Adherence Abstracts

Adherence to Combination Therapy in AIDS Clinical Trials (1997)

Chesney, M., Ickovics J., for the Recruitment, Adherence and Retention Committee of the ACTG (1997). Presented at the Annual Meeting of the AIDS Clinical Trials Group, July 1997,Washington, D.C.

The Recruitment, Adherence and Retention Subcommittee of the AIDS Clinical Trials Group administered two questionnaires to 76 patients on combination therapy from 10 clinic AIDS Clinical Trials Units during May and June of 1997 (results were presented at the July, 1997 ACTG meeting by Drs. Margaret Chesney and Jeannette Ickovics). Eighty percent of the respondents were male, 30% were persons of color, the mean age was 40 years, 41 % were college graduates and the mean income was US$ 25,000. Of the 76 patients, 41% reported missing at least one dose “yesterday” (i.e., the day before completing the survey). Fourteen percent reported missing at least one dose the “day before yesterday.” When these two days were examined together, a total of 18% of the patients missed at least one dose in the last two days. When asked about the last two weeks, 36% reported missing at least one dose. These data probably underestimate the problem because most of these patients were relatively new to their regimens. Adherence research indicates that adherence is better early on in the course of treatment and declines with time.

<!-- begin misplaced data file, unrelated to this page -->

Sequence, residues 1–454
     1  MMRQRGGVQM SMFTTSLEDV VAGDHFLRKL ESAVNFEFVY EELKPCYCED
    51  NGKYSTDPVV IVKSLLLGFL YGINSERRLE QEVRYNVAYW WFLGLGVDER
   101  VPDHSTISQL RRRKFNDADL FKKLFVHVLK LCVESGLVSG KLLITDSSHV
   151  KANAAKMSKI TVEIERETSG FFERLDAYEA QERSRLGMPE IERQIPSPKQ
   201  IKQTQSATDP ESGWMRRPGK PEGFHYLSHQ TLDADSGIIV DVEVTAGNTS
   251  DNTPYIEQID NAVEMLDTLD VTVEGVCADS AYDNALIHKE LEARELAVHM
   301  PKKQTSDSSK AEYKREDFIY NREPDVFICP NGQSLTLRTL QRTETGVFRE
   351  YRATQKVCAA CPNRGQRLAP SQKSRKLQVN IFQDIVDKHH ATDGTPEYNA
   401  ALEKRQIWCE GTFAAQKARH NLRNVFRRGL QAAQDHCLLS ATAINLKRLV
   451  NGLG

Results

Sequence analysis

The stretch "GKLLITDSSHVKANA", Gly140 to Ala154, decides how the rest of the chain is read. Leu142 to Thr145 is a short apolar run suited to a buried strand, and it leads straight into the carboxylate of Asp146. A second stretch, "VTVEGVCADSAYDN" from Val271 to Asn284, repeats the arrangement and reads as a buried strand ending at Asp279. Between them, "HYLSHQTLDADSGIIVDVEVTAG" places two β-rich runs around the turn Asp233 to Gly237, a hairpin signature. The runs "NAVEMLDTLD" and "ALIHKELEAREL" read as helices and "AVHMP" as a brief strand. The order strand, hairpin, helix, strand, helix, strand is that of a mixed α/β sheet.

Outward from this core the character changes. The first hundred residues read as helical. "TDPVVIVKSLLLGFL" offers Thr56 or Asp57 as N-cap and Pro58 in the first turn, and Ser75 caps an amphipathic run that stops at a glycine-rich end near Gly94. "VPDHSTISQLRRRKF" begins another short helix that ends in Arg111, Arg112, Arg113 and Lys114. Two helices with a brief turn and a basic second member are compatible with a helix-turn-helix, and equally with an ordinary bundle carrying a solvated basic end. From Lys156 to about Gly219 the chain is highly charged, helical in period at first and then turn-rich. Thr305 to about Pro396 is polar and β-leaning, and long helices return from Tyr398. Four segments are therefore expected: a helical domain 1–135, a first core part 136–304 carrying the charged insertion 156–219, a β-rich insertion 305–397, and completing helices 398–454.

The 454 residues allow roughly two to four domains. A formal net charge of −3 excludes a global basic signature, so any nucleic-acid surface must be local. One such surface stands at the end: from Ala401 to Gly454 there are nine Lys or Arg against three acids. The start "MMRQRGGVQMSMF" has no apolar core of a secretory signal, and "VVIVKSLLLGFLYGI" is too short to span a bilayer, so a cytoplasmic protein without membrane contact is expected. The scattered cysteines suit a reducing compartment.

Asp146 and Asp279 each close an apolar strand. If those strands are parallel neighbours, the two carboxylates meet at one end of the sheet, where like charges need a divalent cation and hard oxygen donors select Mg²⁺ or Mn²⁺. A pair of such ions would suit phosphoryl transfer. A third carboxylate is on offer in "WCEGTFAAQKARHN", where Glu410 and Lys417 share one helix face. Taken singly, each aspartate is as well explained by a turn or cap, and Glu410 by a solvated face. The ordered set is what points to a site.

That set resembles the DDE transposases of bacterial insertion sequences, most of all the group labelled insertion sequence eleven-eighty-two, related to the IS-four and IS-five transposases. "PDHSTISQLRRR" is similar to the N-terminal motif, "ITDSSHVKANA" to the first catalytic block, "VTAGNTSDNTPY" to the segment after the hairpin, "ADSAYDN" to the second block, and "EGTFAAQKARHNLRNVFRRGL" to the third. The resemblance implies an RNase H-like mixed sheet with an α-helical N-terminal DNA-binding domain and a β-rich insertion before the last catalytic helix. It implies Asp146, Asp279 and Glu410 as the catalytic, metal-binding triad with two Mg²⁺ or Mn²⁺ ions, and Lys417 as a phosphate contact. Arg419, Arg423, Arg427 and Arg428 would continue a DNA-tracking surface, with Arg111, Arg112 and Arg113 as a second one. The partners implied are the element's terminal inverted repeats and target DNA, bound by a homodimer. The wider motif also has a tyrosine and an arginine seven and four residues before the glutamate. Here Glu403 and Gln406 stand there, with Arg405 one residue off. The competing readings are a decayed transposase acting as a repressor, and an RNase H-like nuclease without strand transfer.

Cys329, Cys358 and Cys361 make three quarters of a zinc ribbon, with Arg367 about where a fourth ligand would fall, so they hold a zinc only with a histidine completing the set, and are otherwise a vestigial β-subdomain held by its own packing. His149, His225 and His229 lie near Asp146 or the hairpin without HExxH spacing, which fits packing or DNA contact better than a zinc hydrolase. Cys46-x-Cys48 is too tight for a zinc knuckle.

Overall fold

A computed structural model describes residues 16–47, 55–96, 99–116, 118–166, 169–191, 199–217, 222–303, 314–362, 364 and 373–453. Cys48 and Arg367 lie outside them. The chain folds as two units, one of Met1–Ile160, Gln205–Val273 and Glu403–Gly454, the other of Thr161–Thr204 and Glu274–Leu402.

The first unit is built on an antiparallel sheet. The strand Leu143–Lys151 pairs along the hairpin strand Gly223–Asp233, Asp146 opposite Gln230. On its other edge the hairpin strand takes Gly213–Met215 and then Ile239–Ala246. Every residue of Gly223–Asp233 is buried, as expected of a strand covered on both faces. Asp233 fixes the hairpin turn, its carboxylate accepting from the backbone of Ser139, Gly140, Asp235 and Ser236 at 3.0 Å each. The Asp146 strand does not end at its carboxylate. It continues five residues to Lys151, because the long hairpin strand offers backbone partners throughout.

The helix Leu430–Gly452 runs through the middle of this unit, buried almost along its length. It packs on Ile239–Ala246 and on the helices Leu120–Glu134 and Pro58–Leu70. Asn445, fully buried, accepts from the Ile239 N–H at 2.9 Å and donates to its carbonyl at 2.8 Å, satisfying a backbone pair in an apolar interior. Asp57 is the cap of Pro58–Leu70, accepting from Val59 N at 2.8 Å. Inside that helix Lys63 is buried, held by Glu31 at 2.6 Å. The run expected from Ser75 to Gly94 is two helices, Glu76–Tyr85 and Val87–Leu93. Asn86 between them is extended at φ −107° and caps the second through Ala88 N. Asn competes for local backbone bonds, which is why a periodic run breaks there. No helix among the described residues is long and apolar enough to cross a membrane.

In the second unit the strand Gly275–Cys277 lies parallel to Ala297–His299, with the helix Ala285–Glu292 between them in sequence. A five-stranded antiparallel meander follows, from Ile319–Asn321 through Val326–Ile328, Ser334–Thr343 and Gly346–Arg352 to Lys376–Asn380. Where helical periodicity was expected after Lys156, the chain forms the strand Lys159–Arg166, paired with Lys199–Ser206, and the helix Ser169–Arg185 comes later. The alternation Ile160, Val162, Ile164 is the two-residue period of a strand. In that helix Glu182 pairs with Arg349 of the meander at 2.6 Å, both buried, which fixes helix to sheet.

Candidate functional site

The report of the ACTG survey also provided preliminary findings on some of the variables that are associated with or ‘predict’ nonadherence. These variables are important because they suggest ways that individuals who may have difficulties with adherence could be identified. The intent of studies finding such “predictors” is not to characterize persons who might not be prescribed medication but rather, to identify persons who may need additional assistance and to provide information that could be used to maximize the effectiveness of the assistance.

The ACTG survey identified two predictors of nonadherence. The first of these was the frequency of alcohol intake, with a higher frequency associated with skipped doses. The average number of drinks per month among those who did not report skipping medication was 9, whereas the average number of drinks per month among those who reported skipping medication was 17. The second variable significantly associated with non adherence was “working outside the home for pay’ ” Specifically, 59% of the adherent survey respondents worked outside the home, the prevalence of working outside the home was significantly higher, at 85%, among those who are nonadherent. This latter variable is consistent with the data indicating that among the reasons for missing medications is being away from home and busy with other daily activities.